Food for health

I heard a quote credited to Hippocrates recently that has stuck with me. In my searching online, it is worded differently in citation, and even credited to other people. But that doesn’t take away from what has stuck with me.

“It is more important to know what sort of person has a disease than to know what sort of disease a person has.”

Another, more famous perhaps, Hippocrates quote is:

“Let thy food be thy medicine and thy medicine be thy food.”

This quote has been theoretically debunked to be his. Or maybe that’s not exactly what he said/wrote. Or maybe it was taken out of context.

Regardless of legitimacy or who said what, these two sentences resonate with me deeply. I believe in the power of food in health and I believe it is the individual person who is important, not the disease (disorder, syndrome, etc.). And I believe food and people and disease are all inherently tied together.

I’ve felt something or another was wrong with me for as long as I can remember. Through most of my 20s and 30s, I was in and out of doctors’ offices and trying every new thing that I came across in hope of feeling better. As it turns out, none of it worked. And I have sneaking suspicions that some of it made things worse.

I ate a lot of fast “food” and box “food” full of unpronounceable and unknown ingredients. I took pill after pill after pill trying to find something to fix whatever ill was bothering me at that moment. I took the antibiotics that were prescribed for every cold, flu, infection that presented itself, even long term IV antibiotics when I had chronic Lyme disease. I tried diet after diet trying to fit my body into some external (and unattainable) opinion of how I should be. I took supplements and concoctions and bombarded my body with harsh treatments. It was all “normal.” It’s what everyone around me was doing. It’s what everyone around me is still doing. But it wasn’t working for me, and I knew I had to break the cycle if I wanted to get anywhere.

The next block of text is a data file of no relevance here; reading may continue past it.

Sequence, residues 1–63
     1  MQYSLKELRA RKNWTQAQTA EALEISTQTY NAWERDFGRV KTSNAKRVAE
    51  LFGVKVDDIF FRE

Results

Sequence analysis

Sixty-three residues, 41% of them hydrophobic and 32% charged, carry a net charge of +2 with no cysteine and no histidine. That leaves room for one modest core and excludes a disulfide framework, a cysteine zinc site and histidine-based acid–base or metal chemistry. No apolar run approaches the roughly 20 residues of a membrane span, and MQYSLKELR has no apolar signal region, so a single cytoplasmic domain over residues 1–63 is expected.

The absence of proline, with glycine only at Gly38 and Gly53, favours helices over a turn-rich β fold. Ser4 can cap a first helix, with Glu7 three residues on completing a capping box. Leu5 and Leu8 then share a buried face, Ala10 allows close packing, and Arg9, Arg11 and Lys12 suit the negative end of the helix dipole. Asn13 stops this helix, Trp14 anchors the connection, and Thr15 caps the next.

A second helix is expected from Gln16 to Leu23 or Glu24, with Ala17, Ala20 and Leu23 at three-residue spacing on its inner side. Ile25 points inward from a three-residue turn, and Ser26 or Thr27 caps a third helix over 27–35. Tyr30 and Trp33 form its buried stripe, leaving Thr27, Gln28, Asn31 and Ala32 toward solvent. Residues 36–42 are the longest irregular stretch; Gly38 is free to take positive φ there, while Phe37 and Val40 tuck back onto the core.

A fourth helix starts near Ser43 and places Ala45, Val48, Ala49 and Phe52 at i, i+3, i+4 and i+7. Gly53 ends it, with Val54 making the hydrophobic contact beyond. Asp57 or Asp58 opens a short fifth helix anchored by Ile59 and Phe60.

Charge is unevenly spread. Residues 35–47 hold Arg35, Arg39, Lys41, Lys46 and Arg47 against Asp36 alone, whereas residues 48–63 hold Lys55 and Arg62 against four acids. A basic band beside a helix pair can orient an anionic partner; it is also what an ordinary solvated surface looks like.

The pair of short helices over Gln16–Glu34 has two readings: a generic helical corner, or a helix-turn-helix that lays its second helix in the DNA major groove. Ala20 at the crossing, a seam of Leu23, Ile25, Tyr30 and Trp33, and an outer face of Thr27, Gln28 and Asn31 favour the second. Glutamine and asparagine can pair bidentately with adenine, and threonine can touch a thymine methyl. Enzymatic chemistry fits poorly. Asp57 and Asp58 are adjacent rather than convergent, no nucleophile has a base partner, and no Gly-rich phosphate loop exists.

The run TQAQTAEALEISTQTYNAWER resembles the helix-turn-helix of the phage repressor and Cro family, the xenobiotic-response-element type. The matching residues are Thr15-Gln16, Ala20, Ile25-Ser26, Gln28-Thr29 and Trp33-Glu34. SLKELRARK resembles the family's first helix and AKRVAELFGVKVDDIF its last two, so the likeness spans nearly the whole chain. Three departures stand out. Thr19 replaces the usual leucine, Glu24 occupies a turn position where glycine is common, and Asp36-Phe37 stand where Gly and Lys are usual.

It started with food.

I got a good kick in the right when I was diagnosed with sulfite sensitivity. I had to start reading labels and really thinking about what I was putting into my body. I had to evaluate everything for fear that a slip up would put me in the hospital. It was frustrating and painful, but it ended up being a boot camp of sorts for my diet.

I stopped eating anything I was unsure of. I stopped eating things I couldn’t pronounce. I started eating whole foods and recreating those box products I couldn’t have anymore with actual food ingredients. Turns out, they were waaaay more delicious and I could customize them to what I liked.

And I started feeling better. Yes, I miss the ease of the drive-thru or heating something up in a pre-portioned plastic tray. Yes, I miss Oreos and McDonald’s fries. But what I don’t miss is the bloat, the stomach aches, the yo-yo weight, the not-quite-right feelings every time I ate. And those are just the obvious improvements.

As I said, I truly believe there is a link between food: what we put in our body, and our health and wellbeing: what our body, mind, and spirit responds with.

I believe that eating actual food since 2012 has allowed my body to reset, if you will, or start to heal itself. I believe providing ample amounts of the nutrition my body has craved all this time has made it stop crying out in the form of random symptoms.